Despite being officially indicted by US federal grand jury this week, it’s possible that British LulzSec suspect Ryan Cleary won’t have to face trial in the US after all, dependent on whether or not UK authorities choose to prosecute him on similar charges.
The 20-year-old Cleary has been linked to the hacking collective known as LulzSec, and faces up to 25 years in jail if found guilty on the charges brought earlier this week of one count of conspiracy and two counts of unauthorized impairment of a protected computer. The computers in question belong to Fox Entertainment Group, Sony Pictures Entertainment, PBS, an online gaming website and the British Serious Organized Crime Agency, all of whom Cleary is accused of hacking in concert with unnamed co-conspirators. At the time of the indictment being issued, the FBI’s Laura Eimiller described him as “a skilled hacker” who “controlled his own botnet [and] employed sophisticated methods [and whose] broad geographic scope affected a large number of businesses and individuals.”
Complicating possible extradition is that Cleary is already imprisoned in the UK, awaiting trial for those very same crimes (He is due in court in Britain on June 25). According to a statement released by Cleary’s attorney, Karen Todner of Kaim Todner solicitors, however, the US hasn’t even asked for Cleary to be brought to America. “Mr Cleary has been charged with various offences against the Misuse of Computers Act on an indictment pending before Southwark Crown Court. Overnight we learned that Mr Cleary is also now subject to an indictment in California with exactly the same charges,” Ms. Todner explained. “We understand that the US Prosecutor has stated that should Mr. Cleary be dealt with by the UK courts in respect of these charges then the US will not seek Mr. Cleary’s extradition.”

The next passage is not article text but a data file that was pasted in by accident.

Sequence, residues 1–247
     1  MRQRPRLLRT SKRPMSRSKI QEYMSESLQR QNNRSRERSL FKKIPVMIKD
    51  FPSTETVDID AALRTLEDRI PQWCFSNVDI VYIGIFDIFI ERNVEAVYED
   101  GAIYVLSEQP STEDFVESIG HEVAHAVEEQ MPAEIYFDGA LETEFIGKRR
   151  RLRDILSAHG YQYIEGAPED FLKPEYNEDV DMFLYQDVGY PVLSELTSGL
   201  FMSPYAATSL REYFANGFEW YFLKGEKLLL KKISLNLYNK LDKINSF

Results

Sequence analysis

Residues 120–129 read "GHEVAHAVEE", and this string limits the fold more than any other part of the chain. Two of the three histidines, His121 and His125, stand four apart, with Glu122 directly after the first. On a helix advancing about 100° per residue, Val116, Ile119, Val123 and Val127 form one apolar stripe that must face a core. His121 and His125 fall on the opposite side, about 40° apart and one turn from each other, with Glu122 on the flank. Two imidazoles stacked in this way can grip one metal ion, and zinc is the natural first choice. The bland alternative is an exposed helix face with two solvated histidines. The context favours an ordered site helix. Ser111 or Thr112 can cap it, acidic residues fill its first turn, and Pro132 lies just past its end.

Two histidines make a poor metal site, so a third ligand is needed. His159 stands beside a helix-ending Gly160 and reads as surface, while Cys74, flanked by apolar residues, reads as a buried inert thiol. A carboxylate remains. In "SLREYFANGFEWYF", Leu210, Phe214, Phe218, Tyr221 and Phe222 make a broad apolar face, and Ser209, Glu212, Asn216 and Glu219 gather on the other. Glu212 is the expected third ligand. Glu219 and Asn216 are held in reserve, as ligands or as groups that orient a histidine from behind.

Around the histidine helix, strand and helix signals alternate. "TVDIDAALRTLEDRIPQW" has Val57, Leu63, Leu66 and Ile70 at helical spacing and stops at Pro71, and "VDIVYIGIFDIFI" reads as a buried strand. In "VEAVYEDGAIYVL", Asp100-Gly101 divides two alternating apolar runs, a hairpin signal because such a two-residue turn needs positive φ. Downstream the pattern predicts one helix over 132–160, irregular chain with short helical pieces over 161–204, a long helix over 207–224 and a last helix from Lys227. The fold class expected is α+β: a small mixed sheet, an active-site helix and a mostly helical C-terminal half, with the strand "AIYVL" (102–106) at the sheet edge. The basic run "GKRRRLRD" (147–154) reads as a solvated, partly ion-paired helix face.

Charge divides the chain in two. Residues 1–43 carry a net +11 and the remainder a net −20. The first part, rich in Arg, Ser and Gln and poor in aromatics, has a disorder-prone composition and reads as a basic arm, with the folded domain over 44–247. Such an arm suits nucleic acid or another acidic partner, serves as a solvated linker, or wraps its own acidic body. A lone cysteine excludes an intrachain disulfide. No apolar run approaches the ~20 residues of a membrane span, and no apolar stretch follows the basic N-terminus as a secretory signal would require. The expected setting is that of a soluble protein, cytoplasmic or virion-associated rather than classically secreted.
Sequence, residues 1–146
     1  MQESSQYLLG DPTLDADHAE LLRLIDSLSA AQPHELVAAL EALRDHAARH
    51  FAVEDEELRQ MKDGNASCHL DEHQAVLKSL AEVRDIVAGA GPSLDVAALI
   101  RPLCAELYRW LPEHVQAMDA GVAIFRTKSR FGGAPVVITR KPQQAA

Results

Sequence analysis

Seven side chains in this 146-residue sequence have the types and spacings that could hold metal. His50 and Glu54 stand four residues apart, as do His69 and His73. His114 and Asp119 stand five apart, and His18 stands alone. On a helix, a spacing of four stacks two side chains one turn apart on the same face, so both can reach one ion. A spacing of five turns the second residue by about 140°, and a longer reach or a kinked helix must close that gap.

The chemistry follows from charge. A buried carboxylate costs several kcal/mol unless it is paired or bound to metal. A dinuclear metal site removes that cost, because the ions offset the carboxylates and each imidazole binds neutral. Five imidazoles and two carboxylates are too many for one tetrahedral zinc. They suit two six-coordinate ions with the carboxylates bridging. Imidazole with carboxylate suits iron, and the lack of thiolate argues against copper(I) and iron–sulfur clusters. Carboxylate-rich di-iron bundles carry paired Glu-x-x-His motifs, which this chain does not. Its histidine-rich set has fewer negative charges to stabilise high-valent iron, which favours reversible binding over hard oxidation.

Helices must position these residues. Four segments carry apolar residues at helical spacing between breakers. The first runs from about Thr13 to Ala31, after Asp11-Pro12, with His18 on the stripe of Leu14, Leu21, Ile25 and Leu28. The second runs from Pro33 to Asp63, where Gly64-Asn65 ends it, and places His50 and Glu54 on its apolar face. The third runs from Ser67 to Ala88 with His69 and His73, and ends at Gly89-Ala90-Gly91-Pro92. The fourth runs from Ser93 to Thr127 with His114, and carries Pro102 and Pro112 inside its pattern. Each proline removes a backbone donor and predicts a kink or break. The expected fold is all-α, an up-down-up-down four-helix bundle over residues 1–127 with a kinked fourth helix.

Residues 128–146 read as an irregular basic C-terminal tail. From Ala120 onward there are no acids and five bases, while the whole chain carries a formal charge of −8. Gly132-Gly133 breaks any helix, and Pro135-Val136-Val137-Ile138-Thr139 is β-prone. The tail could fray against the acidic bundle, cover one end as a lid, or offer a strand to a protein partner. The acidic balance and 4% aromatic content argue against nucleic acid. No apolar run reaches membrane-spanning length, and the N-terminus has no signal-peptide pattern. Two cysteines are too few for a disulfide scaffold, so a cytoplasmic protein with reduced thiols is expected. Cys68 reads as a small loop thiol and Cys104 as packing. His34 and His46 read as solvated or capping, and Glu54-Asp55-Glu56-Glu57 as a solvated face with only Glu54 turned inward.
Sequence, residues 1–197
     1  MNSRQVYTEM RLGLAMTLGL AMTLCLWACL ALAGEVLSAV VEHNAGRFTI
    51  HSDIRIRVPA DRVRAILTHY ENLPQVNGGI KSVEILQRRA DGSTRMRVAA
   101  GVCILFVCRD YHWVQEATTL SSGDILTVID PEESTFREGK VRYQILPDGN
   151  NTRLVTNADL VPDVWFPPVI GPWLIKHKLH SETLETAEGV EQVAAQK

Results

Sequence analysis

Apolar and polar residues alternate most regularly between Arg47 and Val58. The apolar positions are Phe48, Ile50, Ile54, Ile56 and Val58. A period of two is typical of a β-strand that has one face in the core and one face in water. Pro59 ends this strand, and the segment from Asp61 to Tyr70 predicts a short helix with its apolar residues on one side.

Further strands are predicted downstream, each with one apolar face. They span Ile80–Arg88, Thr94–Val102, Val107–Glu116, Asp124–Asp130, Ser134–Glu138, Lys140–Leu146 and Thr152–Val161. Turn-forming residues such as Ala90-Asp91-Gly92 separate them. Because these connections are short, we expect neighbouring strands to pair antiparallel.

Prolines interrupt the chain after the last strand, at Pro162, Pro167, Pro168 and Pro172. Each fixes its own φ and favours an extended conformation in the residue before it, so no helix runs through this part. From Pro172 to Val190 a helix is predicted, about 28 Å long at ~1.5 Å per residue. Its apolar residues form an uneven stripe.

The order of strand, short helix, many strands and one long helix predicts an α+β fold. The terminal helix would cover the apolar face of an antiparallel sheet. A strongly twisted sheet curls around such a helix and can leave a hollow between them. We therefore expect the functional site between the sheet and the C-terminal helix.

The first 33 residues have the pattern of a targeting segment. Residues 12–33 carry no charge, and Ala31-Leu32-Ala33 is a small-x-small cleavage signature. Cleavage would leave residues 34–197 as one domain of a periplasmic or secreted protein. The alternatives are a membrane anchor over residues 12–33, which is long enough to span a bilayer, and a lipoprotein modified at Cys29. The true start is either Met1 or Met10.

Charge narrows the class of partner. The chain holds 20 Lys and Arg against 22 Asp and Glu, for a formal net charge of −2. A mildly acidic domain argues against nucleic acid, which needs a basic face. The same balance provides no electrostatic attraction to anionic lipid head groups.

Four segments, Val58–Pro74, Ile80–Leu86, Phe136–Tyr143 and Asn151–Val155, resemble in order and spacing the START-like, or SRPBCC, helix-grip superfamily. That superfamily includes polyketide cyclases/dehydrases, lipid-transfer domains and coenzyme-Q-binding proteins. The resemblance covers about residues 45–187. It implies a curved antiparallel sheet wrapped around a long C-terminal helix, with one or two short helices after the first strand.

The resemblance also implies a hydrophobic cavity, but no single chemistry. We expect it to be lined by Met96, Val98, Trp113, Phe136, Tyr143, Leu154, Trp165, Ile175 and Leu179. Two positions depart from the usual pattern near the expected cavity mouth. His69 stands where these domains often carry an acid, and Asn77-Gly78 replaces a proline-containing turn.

The statement goes on to state that “As yet no decisions have been made as to which charges Mr Cleary will deny or accept but we can state now that should any application be made for Mr Cleary’s extradition then it will be fiercely contested. Mr Cleary suffers from Asperger’s Syndrome and is on the autistic spectrum and extradition to the United States is totally undesirable.” Moreover, Ms. Todner asks that the UK Government review its US Extradition Treaty in light of “the evidence of internet and computer cases coming through the courts” such as this one.
Oddly enough, while Cleary’s fellow hackers have been left unidentified in the American indictment, two of his three co-conspirators have already been named in the UK (The third has been left anonymous due to his being under 18; the others have been identified as Jake Davis, 18, and Ryan Ackroyd, 25). The British charges against the four also mention hacks into the British National Health Service, security companies HBGary, Black & Berg and Infagard and, most interestingly, the CIA.
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